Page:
In stark contrast, Football is very much about momentum. Suddenly a team with naught percent possession can’t seem to be dispossessed. Suddenly their attacks are unrelenting. Suddenly an indomitable-defense/toothless-attack relationship has a role reversal, echoed through the stadium. So much so that time wasting, and feigning injury when under siege is an actual tactic that is part of every teams DNA. What this suggests is that teams may use the appealing option as a tactic in this line, something that can supposedly be corrected by limiting the amount of appeals a team can have. Which in itself is problematic because how do we legislate that in 90 minutes of a game, only ‘x’ calls are genuinely questionable and can be appealed.

My Radical Solution (non-purist)
  1. Goals can be fitted with a sensor that is the diameter of a football beyond the goal line with LED(s),  with everything else remaining the same (no change in rules).
  2. Allow one replay per game per team for appealing. (Can you say Mourinho?)
  3. Make referee robots
  4. Only certain decisions can be appealed (again though leaving the decision maker untouchable from everything except fans, and media…Mourinho??)
My (maybe) Not-So-Radical Solution; Change the Rules!
  1. Make players more accountable by changing the rules of the game to penalize feigning just as harshly as rashness. If red cards were the punishment for being a sick faker, Sergio Busquets wouldn’t bring goggles to the dressing room, much less to the pitch. If the same sort of review process is also added, whereby after a match, videotape evidence can be used to lengthen bans, and add fines to players guilty of faking, we can possibly rid the game of what is quite honestly, very-facking-embarrassing (see below). In so doing, the referee has less acting critiquing to do, and less UNICEF tirades to face.          
  2.  Rewrite the rules of the game, such that it doesn’t read like the Bible. When someone looks at the rules, they are not supposed to get FIFA’s message for them and them only. In so doing again, culpability is removed from the individual referee, and placed at the doormat of our favorite scapegoat. How can an applause be greeted with a red card for Sneijder and not so for Rooney? The answer is that dissent is criteria for both yellow and red cards. Being less vague can only decrease grey areas.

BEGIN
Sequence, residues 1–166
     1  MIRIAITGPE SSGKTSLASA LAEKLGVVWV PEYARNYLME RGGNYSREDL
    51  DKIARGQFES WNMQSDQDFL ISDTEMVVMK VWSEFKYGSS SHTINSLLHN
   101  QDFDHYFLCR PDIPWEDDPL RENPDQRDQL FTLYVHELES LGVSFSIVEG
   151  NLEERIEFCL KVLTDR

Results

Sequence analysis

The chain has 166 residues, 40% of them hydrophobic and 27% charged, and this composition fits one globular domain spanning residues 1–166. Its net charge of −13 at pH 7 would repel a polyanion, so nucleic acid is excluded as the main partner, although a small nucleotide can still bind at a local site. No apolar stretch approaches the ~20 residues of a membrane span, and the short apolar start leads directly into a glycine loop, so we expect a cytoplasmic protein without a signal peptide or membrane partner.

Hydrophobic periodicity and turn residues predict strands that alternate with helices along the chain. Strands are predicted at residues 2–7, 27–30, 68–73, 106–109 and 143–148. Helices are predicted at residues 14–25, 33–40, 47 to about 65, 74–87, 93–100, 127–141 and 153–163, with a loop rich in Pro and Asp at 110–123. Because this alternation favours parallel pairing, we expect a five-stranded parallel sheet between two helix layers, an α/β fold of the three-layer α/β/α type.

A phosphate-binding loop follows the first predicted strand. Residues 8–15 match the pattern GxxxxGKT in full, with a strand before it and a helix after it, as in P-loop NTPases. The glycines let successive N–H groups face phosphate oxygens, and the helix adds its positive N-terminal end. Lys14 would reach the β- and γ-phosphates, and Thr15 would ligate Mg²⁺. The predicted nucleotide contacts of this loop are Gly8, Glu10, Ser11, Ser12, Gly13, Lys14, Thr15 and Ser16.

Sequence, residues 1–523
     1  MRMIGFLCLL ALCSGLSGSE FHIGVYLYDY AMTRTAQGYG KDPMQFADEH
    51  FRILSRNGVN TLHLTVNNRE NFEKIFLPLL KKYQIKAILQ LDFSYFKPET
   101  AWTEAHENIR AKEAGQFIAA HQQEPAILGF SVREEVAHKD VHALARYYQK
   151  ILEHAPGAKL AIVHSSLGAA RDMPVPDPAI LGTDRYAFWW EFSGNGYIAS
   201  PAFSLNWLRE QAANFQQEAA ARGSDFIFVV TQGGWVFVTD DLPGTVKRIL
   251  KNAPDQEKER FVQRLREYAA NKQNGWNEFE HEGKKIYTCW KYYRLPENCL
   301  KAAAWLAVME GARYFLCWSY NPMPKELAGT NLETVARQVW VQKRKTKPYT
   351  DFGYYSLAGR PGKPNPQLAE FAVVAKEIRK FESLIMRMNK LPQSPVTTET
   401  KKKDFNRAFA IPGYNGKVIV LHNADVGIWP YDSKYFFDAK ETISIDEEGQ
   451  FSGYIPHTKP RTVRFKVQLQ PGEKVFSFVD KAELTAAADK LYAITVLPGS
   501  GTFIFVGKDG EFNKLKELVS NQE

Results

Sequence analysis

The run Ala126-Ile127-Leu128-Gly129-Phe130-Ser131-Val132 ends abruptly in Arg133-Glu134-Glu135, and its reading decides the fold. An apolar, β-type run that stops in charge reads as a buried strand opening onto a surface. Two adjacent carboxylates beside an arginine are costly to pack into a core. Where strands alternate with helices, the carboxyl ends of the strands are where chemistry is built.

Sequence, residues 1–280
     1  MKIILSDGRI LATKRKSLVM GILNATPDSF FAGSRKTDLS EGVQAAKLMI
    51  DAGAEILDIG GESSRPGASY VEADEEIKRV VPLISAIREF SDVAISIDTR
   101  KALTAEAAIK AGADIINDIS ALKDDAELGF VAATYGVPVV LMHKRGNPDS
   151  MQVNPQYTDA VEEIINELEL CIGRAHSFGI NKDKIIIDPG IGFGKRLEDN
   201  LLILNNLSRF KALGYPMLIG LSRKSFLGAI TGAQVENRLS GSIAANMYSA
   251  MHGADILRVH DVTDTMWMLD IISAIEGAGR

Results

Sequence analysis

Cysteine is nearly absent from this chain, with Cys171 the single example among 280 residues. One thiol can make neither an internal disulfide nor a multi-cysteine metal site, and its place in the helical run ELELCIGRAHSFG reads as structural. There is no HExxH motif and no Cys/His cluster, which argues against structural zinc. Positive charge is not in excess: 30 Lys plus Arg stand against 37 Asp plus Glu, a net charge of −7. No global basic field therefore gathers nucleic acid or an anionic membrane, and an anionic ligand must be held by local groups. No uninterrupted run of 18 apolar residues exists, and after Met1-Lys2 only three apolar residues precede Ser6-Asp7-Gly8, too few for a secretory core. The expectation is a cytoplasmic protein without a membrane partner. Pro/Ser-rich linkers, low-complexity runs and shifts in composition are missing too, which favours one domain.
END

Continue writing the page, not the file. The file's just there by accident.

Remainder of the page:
3. Referee’s should be full-time professionals, and they should be assessed and part of a rating system that is more transparent. Some criticism has been levied towards newspapers in Germany that run a rating of the worst referee. I agree, but disagree. Players are exposed to the same scrutiny. Such that if referees are full-time professionals in the sport, this is the job. Referees have to be culpable. There has to be an incentive to be as impartial as possible and threatening people’s incomes usually has that effect. By being more transparent, the public would feel more security in the rules being applied to all, and have fewer avenues for Atkinson-hates-us debates. In seeing poor refereeing performances result in the demotion of said-referees, I believe chatter would become more: “you’re a wanker”, as opposed to the current: “I’m gonna kill you, you thief”. 
  4. The extra referees can work, but they cannot be as timid as Samir Nasri. 

Not really a 'side-note'. RIP to Gary Speed